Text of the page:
Say you’ve got a huge crush on someone, but for reasons beyond you, your relationship with them is utterly doomed. And just what is it that could irrevocably condemn any hope of romance?

Well, they fucked your friend. And you’ll be damned before you take your friend’s “sloppy seconds.”

Sloppy seconds, as defined by Urban Dictionary, means “shagging a cunt minutes after the previous guy, using his cum as lube.” But in a more ubiquitous sense, the term is a petty, outdated insult intended to ridicule a friend who had sex with someone, but only after you did.

And even if you haven’t mocked a friend for sleeping with a past partner, you’ve probably encountered tension for hooking up with someone your friend has already been with.

For decades now, the snub has been primarily tossed around by crude, barely post-pubescent young men. A dude among dudes might slight his buddy for getting into bed with a woman he had first, perhaps asserting some type of mistaken ownership over the woman’s body even after he's no longer sleeping with her.

In the sociological book Queer Masculinities, authors Landreau and Rodriguez note that this is because some men may have a homophobic reaction to sexual engagement with a woman directly after another man … even when that sexual engagement happens days, weeks, months or millennia later.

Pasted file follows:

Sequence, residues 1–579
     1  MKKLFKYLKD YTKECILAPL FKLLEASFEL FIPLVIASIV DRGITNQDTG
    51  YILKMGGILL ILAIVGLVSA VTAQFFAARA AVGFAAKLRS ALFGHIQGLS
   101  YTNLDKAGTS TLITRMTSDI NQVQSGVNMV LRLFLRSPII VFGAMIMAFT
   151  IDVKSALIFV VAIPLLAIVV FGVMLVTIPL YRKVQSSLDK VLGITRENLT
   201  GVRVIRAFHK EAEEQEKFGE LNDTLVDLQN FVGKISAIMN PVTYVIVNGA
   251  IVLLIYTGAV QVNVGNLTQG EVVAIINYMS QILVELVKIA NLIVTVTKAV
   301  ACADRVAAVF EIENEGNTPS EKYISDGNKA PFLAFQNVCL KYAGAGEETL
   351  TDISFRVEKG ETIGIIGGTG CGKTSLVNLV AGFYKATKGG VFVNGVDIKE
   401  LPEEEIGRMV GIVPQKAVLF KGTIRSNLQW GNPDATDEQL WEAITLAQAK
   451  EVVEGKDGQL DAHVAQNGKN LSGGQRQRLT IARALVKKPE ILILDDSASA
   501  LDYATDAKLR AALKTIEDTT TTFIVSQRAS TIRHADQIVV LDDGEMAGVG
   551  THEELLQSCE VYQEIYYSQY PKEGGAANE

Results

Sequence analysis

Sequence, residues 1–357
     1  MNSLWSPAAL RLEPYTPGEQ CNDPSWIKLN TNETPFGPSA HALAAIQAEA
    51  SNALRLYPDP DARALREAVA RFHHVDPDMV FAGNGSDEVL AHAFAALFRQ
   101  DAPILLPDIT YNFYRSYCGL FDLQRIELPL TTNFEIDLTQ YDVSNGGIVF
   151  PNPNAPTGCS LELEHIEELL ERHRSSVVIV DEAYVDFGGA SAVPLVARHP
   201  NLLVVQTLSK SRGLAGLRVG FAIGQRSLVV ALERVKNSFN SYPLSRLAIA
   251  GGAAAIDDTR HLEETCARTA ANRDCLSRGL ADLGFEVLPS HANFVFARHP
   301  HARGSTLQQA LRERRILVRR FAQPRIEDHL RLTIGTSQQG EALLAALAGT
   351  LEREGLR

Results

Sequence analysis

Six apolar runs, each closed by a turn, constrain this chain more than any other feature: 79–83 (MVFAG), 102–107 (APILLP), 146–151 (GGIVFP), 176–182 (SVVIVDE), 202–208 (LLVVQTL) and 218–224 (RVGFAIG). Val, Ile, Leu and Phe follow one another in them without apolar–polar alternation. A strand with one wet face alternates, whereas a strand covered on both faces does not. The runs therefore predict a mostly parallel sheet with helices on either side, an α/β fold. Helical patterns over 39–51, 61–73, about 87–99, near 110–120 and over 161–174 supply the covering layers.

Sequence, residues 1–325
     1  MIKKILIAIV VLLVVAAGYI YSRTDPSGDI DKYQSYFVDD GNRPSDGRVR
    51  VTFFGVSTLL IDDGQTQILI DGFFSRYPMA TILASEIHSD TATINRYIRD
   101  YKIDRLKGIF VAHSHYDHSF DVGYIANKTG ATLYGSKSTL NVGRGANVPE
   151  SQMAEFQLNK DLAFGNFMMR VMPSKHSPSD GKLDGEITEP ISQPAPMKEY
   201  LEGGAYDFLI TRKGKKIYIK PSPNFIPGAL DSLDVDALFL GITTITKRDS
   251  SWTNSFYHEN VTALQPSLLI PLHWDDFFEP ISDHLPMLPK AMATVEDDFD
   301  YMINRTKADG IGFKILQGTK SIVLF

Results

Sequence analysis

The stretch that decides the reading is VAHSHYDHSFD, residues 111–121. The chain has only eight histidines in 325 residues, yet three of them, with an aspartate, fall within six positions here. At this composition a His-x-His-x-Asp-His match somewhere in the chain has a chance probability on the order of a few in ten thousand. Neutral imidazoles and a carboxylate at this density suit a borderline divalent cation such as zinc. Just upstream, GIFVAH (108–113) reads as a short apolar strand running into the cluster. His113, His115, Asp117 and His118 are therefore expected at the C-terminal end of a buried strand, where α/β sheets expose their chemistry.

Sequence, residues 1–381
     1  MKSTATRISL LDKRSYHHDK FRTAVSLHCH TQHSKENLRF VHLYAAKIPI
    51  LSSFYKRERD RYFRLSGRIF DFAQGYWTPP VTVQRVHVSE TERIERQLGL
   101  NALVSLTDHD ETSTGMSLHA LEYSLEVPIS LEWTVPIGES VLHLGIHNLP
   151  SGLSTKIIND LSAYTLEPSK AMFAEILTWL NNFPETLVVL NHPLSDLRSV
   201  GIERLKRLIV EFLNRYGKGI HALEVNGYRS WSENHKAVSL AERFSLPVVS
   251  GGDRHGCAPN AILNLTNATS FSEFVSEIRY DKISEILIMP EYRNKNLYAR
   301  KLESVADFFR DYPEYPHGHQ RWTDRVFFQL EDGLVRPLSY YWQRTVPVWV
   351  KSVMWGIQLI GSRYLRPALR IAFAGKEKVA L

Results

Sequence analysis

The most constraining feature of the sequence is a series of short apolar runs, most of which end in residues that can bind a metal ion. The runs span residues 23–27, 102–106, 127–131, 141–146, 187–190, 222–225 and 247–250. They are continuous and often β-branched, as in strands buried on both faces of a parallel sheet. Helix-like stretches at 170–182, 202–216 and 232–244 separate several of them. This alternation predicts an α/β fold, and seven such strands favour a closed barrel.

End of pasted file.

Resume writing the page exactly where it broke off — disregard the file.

My male coworker, Waylon, confirmed this when he confessed to me that a homophobic impulse may be why the stigma of “sloppy seconds” taints his perception of a woman who sleeps with his buddy.

“After a girl sleeps with my friend, even though I know that she doesn’t have my friend’s goo on her, I still envision my friend’s goo on her,” Waylon says.

Does this make him think less of her?

Sure does. "If it's a disgusting dude that she's been with, then yes, it changes how I see her," he tells me.

Anyone with eyes or hands or skin could easily see how this isn't the most adaptive way of thinking. Judging women on which of your friends they've slept with benefits no one (especially you), and instantly outs you as a blind subscriber to the ol' Madonna-Whore complex, the sadly ignorant belief that all women should be pure as freshly driven snow … until they're with you. That expectation is not only sexist in its effort to control and subdue female sexuality, but it's just plain idiotic.

A far better, and more attractive approach, would be to accept that a woman's past sexual history has no bearing on you. Believing it does is a narcissistic, teenage method of self-sabotage; of denying yourself the thrill, pleasure and satisfaction of (consensually) being with someone you're attracted to out of fear.

Oh, and since we're on the subject of internalized homophobia and what constitutes heteronormatively "manly" sexual behavior here, the "manly" thing to do would be to say "I don't give a shit who that girl's been with, she's mine." No fear, no internalized what-not, just "I like her."

… Provided she hasn't been too dissuaded by your imbecile friend group who plays by the dating logic of 14-year-old boys circle-jerking it to the Sears Fall 2012 catalog in the locker room.